Euclidean Geometry

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Euclid “Father of Geometry”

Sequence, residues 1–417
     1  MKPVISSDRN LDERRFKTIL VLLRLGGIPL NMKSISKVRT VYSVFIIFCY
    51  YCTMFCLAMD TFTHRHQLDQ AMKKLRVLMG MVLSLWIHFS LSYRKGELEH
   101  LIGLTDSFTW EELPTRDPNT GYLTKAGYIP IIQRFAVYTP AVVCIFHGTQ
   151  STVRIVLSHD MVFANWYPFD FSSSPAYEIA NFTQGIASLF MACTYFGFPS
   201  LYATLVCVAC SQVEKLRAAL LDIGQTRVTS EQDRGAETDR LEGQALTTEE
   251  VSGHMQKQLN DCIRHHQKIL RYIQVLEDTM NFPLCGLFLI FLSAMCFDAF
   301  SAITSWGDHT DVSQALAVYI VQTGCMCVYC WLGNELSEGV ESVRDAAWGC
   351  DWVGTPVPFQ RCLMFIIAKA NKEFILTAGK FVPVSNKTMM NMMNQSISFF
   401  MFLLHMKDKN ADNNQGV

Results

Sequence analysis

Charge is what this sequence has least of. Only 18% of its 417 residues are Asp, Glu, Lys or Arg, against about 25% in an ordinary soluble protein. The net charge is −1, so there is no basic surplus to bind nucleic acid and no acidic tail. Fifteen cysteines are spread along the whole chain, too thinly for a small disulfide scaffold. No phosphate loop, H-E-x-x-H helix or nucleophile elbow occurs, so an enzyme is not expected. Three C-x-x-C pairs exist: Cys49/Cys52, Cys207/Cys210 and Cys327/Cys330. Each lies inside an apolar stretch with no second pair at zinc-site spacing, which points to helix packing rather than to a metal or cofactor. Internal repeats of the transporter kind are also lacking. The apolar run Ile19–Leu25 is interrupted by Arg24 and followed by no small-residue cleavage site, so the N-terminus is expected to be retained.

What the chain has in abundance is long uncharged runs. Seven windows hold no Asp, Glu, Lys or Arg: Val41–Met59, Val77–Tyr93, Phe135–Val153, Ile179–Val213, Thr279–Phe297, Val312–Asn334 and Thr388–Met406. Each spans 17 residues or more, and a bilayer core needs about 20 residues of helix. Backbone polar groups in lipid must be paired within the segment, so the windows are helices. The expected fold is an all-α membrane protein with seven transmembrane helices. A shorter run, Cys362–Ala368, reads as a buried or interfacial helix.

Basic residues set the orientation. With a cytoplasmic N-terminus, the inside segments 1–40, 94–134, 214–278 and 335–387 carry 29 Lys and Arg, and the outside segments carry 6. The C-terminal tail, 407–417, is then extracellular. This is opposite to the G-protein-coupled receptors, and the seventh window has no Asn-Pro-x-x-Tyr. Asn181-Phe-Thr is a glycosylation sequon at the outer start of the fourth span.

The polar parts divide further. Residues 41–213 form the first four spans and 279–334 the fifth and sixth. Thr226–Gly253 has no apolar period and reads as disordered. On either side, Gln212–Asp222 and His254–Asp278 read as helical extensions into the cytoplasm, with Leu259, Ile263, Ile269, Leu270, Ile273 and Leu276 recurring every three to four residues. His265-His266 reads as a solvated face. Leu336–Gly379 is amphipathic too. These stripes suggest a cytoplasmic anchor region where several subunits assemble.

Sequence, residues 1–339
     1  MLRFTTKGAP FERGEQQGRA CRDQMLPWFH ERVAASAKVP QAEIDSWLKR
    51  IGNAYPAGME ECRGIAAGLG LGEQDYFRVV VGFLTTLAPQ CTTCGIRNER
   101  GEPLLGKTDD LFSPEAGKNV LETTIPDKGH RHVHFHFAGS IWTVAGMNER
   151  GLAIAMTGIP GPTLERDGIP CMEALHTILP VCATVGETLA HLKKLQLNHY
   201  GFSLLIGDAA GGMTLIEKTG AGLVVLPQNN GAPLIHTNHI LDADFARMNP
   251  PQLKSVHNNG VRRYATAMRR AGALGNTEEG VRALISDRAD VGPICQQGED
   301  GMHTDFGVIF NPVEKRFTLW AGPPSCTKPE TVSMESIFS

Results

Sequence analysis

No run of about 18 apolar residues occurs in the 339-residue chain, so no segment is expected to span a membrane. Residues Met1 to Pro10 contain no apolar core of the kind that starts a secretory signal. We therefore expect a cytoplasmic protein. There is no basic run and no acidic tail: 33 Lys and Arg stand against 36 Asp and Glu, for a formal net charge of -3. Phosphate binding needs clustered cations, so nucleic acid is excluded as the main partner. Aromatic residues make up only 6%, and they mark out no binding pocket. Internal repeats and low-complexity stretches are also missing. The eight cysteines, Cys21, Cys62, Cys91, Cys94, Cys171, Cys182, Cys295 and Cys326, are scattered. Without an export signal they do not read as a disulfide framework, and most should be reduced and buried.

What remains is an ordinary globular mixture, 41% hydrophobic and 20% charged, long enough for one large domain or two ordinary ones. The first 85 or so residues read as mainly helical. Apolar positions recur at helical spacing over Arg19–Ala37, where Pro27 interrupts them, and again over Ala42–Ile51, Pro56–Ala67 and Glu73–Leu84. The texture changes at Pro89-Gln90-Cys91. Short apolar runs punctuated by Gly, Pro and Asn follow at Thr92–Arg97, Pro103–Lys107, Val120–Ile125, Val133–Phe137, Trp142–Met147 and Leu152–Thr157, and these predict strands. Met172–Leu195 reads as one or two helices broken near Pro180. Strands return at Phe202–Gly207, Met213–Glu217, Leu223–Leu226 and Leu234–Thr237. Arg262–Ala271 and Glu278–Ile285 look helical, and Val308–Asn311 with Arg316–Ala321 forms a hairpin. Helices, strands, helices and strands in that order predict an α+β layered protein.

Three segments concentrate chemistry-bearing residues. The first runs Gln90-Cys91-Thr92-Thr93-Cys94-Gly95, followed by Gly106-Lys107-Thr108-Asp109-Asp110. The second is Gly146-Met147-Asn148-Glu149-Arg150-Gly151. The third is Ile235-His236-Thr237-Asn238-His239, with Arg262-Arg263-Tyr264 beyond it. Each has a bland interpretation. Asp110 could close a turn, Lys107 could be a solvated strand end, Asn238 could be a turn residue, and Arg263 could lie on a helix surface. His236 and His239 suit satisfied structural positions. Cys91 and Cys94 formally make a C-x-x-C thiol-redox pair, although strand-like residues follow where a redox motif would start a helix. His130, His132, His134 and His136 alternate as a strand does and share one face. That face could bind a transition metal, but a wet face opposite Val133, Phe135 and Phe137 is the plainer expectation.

Euclid is a Greek mathematician. He was also known as Euclid of Alexandria, “The Father of Geometry”. Little is known of his life other than the fact that he taught at Alexandria, being associated with the school that grew up there in the late 4th century B.C. It is believed that he taught at Plato's academy in Athens, Greece. Most history states that he was a kind, patient, and fair man. One story that exposes something of his personality, involves a student that has just finished his first geometry lesson. The pupil asked what he would gain from learning geometry. Euclid told his slave to get the student a coin so he would be gaining from his studies. Another story says that Ptomlemy asked Euclid if there was an easier way to learn geometry, the mathematician responded, "there is no royal road to geometry", and sent the king to study. Euclid wrote many books such as Data, On Divisions of Figures, Phaenomena, Optics, the lost books Conics and Porisms. He is famous for his Elements, presented in thirteen books of the geometry and other mathematics known in his day. The first six books involve elementary plane geometry and have served as the basis for most beginning courses on this subject. The other books of the Elements take care of the theory of numbers and certain problems in math (on a geometric basis) and solid geometry. The great contribution of Euclid was his use of a deductive system for the presentation of mathematics. Primary terms, such as point and line, are defined; unproved assumptions, or postulates, concerning these terms are confirmed; and a series of statements are then deduced reasonably from the definitions and postulates. And for his middle and last name the internet does not provide anything except sobriquets. The slogan for Wheaties is “The Breakfast of Champions” and Euclid is indeed a champion. That is why he ate them for breakfast because he believed in the slogan. But really we all...
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